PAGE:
Rise and Fall of the City of Mahagonny | Theater Critic's Choice | Chicago Reader

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Rise and Fall of the City of Mahagonny



Kurt Weill and Bertolt Brecht's 1930 opera--an expansion of their first collaboration, the 1927 Mahagonny-Songspiel--was inspired by hedonistic, politically unstable Weimer Berlin. But their mythic metropolis Mahagonny, where men are made slaves to their carnal appetites in the name of individual freedom and where the only capital crime is not having money to pay for your pleasures, is an eerily apt metaphor for Western capitalist society on the eve of the millenium. Director David Alden and designers Paul Steinberg and Duane Schuler have provocatively updated the Lyric Opera's alternately hilarious and horrific Brecht-centennial staging to post-World War II Florida--a nightmarish, surrealisitcally kitschy world of Bermuda shorts and beehive hairdos, golf clubs, and machine guns. Where the whore Jenny sings the famous "Alabama Song" ("Oh, show us the way to the next Whiskey Bar"), she slinks around the stage in a black cocktail dress and platinum pageboy wig, and her lumberjack lover Jimmy arrives from Alaska in a floor-length white fur coat with a polar bear in tow. Alden's highly physical production (accessibly performed in Michael Feingold's English translation) revels in raunch but also conveys a sardonic distance from the apocalyptic self-indulgence it depicts, building inexorably to a Jonestown-style Kool-Aid communion. Brecht's biting, sometimes brutal humor comes through loud and clear, as does Weill's astringent score, with its dissonant lyricism, dance-hall bounciness, and borrowings from such diverse sources as barbershop singing and Bach chorales. A splendid chorus and orchestra under Sylvain Cambreling's baton bolster fine lead performances by Catherine Malfitano as Jenny, Kim Begley as Jimmy, and Felicity Palmer and Timothy Nolen as Mahagonny's crooked operators. Boasting two qualities crucial to the Brecht-Weill canon--a sense of danger and a sense of fun--Lyric's Mahagonny will offend some opera purists, but its adventurousness will excite many other viewers eager to claim the orchestra seats abandoned at intermission by stuffy subscribers (a Lyric tradition whenever the troupe dares to perform modern opera). Civic Opera House, Ardis Krainik Theatre, 20 N. Wacker, 312-332-2244. Through December 13: Fridays, 7:30 PM; Tuesday, December 1, 7:30PM; Sunday, December 13, 2 PM; no show Friday, December 11. $27-$125.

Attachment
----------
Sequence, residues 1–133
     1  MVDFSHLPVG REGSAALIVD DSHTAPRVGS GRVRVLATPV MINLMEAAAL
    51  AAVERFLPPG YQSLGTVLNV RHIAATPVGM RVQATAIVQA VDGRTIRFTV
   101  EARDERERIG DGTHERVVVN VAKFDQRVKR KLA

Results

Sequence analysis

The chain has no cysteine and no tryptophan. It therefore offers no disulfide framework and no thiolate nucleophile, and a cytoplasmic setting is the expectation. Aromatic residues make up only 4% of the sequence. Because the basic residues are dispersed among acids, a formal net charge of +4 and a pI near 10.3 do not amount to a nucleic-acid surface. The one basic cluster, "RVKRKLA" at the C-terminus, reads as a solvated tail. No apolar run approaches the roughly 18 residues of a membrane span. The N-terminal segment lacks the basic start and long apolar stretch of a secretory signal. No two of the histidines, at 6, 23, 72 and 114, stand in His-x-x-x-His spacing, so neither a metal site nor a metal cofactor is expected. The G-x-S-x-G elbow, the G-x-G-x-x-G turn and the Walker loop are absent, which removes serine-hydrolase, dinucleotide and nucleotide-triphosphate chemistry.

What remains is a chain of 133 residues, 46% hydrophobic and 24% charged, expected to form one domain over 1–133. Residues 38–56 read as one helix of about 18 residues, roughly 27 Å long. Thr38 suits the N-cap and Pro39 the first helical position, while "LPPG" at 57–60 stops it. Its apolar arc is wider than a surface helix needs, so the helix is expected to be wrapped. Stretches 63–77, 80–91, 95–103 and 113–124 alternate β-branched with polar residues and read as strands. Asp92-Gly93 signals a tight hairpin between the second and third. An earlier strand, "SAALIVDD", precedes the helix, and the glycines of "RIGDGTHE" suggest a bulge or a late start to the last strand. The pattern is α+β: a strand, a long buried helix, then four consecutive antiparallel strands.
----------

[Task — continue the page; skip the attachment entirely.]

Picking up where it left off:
--Albert Williams

Art accompanying story in printed newspaper (not available in this archive): photo by Dan Rest--Lyric Opera of Chicago.

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